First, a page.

Review: Charli XCX's 'Number 1 Angel' Mixtape - Rolling Stone
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Review: Charli XCX Commits to Avant-Pop Partnership on ‘Number 1 Angel’

Our take on the latest from the experimental pop star

Review: Charli XCX, 'Number 1 Angel'Review: Charli XCX, 'Number 1 Angel'

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Charli XCX was already an alternative-leaning pop star when she broke with the punky rant “I Love It” with Icona Pop and dropped Sucker, an EDM-Devo reinvention of the quirkiest, most Bow Wow Wow-ing early Eighties New Wave. But in the past year and a half, this hook monster with legitimate Top 10 hits under her belt has taken a neon night drive into the avant-garde. For her 2016 EP Vroom Vroom, her recent single “After the Afterparty” and this 10-song, 37-minute “mixtape,” Charli has teamed with the constellation of artists surrounding London digital-only label PC Music. The output from these acts, including producers A.G. Cook, Sophie and Danny L Harle, is a chirping and blipping simulacrum of pop music that sounds like an arch joke about consumerism. PC Music deal in the sleekest digital farts and twinkles, melodies like J-Pop performed on a glitching Game Boy and vocals manipulated into alien avatars. The real calling card of these productions is “hyper-reality,” an audio effect that sounds like watching a hi-definition TV with motion smoothing on. It’s a technique that’s usually reserved for cutting edge noise musicians like Oneohtrix Point Never, techno theorists like Fatima Al Qadiri and weirdo cassette labels like Orange Milk Records. Charli XCX is going from dueting with Iggy Azalea on “Fancy” to being the carnival barker of a virtual reality funhouse populated by a gaggle of SoundCloud post-modernists.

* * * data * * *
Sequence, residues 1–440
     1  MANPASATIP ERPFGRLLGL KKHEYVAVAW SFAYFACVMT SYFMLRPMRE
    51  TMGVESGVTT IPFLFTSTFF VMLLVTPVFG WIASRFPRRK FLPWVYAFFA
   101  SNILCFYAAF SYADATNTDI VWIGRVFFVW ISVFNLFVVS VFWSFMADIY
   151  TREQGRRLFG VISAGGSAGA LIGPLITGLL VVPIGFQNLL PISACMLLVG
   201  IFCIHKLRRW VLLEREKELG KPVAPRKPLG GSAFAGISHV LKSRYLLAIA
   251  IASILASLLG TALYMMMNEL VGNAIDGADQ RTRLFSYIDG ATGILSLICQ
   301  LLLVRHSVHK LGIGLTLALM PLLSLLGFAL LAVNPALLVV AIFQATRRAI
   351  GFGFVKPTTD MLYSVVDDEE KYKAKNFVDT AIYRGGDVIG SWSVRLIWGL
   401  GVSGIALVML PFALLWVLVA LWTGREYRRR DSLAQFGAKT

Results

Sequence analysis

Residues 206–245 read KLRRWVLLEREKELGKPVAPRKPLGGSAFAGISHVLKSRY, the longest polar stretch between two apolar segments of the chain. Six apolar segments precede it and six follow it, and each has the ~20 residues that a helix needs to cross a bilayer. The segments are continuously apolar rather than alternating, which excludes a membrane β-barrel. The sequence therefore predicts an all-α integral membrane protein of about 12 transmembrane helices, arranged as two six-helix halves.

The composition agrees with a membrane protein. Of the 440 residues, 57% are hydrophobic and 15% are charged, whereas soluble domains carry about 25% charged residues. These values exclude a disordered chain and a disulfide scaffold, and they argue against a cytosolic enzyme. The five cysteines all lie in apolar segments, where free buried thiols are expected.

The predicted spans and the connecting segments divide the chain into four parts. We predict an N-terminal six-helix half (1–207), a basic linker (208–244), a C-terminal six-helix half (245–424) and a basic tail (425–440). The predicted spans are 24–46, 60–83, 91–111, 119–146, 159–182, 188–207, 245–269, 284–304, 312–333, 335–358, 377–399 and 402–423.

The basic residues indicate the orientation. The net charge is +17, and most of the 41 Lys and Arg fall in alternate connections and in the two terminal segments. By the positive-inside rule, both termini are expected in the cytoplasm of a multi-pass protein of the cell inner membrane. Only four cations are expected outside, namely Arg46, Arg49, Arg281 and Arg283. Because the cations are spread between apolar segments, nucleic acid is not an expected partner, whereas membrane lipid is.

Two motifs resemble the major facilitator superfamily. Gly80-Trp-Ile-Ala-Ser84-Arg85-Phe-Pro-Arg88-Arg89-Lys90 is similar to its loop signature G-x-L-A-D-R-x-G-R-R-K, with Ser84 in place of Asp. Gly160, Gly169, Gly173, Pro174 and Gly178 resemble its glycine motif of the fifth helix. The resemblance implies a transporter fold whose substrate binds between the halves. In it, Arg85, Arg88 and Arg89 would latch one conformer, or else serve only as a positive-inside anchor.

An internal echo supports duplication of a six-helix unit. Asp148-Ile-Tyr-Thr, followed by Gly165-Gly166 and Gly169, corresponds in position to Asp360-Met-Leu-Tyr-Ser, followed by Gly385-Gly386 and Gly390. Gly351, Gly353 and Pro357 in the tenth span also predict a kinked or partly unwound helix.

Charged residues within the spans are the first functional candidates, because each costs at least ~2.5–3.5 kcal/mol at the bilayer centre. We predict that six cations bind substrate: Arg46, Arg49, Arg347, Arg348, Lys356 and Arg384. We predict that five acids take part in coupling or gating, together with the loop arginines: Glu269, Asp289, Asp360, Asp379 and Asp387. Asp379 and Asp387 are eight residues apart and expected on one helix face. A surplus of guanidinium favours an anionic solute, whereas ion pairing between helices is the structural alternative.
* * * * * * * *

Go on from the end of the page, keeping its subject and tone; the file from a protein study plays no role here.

jury is still out on whether she is lost in the experimental Matrix or actually
the earliest adopter of pop’s next futuresex lovesound. But Angel makes
this pioneering human-hologram marriage seem far more natural and cohesive than
on Vroom. The beats aren’t as abrasive, her vocals are distended in
ways that are disorienting but not jarring. Most of the songs are about those
moments before a relationship goes to the next level: These are still classic
pop songs mostly about sex and cars, but the sexual yearning in the lyrics is
compounding the nostalgic yearning of the music. The sounds are full of cosmic
synths, vintage techno noises and 808 booms that sound rendered in CGI. On
“ILY2” and “Emotions” the drones start to suffocate,
creating the same combination of wistful, erotic and isolated that made the
synth-heavy Drive soundrack a success. And the album houses no
better statement on sex, alienation and capitalism than a naughty synth-pop
song from the perspective of a pin-up poster (“Babygirl”). A
combination of chilly noises and hot lyrics (“Cold like ice,
petrified/Loving what you’re doing to me,” she sings in “White
Roses”), these robot sex anthems are storming into 2017 like pop music’s
dirty Blade Runner reboot.

In This Article: Charli XCX


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